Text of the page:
For those reading through the Bible in a year, the passages for today are: Numbers 30-31:54; Luke 4:1-30; Psalm 63:1-11; Proverbs 11:20-21. This devotional commentes on Numbers 30 and the passages in Luke.
The first part of Numbers 30 addresses the speaking of vows. It is clear that God expects us to be men and women of our word. If we make a commitment, we should stick to it. I remember learning this lesson the hard way. I was in 7th grade and all my friends had gone out for track. “You should go out for track too,” they said.
I went home and begged to be allowed to join the track team. My parents tried to convince me that this wasn’t really the best idea. They knew me better than I knew myself at the time, but they relented and let me join the team. This was a commitment for them as we lived out in the country, and someone would have to make the drive into town to pick me up, not to mention getting me to the bus early Saturday mornings so that I could make it to the track meets.
It didn’t take long for me to decide that I wasn’t really cut out for track. In fact, I hated it. The coach always put me in the long runs. Not only did I come in last, but I crossed the finish line in tears. I then begged my parents to let me quit.
My dad’s words still ring in my head today, “You made a commitment to the coach and a commitment to the team. You need to see it through.” He would not let me quit even though it would reduce the amount of taxi service hours that my parents were putting in. He understood that I was learning a life lesson. Through that experience I learned to think about my commitments before I make them and to keep the ones I make.
God is saying the same thing to us in Numbers 30. Think about your vows before you make them, and keep the ones you make.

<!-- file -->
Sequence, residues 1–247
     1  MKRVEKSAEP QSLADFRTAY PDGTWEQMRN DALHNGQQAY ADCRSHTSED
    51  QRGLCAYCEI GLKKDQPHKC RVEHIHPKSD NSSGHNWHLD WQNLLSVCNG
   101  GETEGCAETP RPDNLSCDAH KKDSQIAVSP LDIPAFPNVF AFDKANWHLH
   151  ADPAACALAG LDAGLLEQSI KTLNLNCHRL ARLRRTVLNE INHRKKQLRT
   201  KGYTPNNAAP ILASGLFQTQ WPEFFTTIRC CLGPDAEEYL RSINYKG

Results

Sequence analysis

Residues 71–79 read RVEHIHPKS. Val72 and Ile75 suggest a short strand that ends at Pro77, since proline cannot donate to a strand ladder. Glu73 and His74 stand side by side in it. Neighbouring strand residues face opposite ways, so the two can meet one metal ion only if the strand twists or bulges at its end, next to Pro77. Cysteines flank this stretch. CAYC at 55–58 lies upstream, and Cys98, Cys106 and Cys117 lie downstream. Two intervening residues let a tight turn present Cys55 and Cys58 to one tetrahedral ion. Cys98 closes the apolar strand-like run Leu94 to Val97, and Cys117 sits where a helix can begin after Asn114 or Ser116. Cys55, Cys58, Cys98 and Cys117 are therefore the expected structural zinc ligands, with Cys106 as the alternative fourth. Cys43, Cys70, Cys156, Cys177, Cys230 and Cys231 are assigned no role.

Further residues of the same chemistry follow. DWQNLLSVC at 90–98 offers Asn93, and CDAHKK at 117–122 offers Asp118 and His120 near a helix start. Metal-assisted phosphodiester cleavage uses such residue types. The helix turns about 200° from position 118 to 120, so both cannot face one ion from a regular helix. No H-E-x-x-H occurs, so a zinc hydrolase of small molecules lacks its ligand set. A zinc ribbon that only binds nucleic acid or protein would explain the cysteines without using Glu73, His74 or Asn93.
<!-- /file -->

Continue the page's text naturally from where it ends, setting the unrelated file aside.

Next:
In our New Testament passage today, we see Jesus being tempted by Satan in the wilderness. He stood his ground refuting Satan’s words with scripture. How often do we need to do the same thing? There is power in scripture, but we have to know it in order to use it.
How might the Holy Spirit be leading you to respond to Christ’s example? Can you hide God’s word in your heart that you might not sin against him (Psalm 119:11)? Ask the Lord to show you how you can better integrate his word into your life.
It is notable that after Jesus spent 40 days in the wilderness, eating nothing and being tempted by Satan, he returned to Galilee, “filled with the Holy Spirit’s power” (Luke 4:14). This is incredible! After a great struggle, he had power. If we allow him to, God can strengthen us through our times of struggle, and we can come out of them, full of the power of the Holy Spirit.
I am reminded of Corrie ten Boom, a well-known Dutch Christian who helped hide Jews during World War II. She and her family were eventually arrested. Corrie and her sister ended up in Ravensbruck, a notorious concentration camp. Her sister died there, but Corrie survived to return to the Netherlands and minister to other concentration camp survivors as well as Dutch citizens who had collaborated with the Nazis but were then jobless. She traveled to several countries sharing her testimony of how God sustained her through the horrors of that time. She was a powerful witness for Christ. Even after all she had been through, she came out filled with the power of God.
We serve a powerful, living, God who wants to build us up in strength. The key lies with our response to the struggles that we face in life. We have a choice to be defeated by our hardships or come out strengthened with power. As we feed on God’s word, fight our battles with that word, and submit to him in prayer, we can emerge full of the Holy Spirit and power.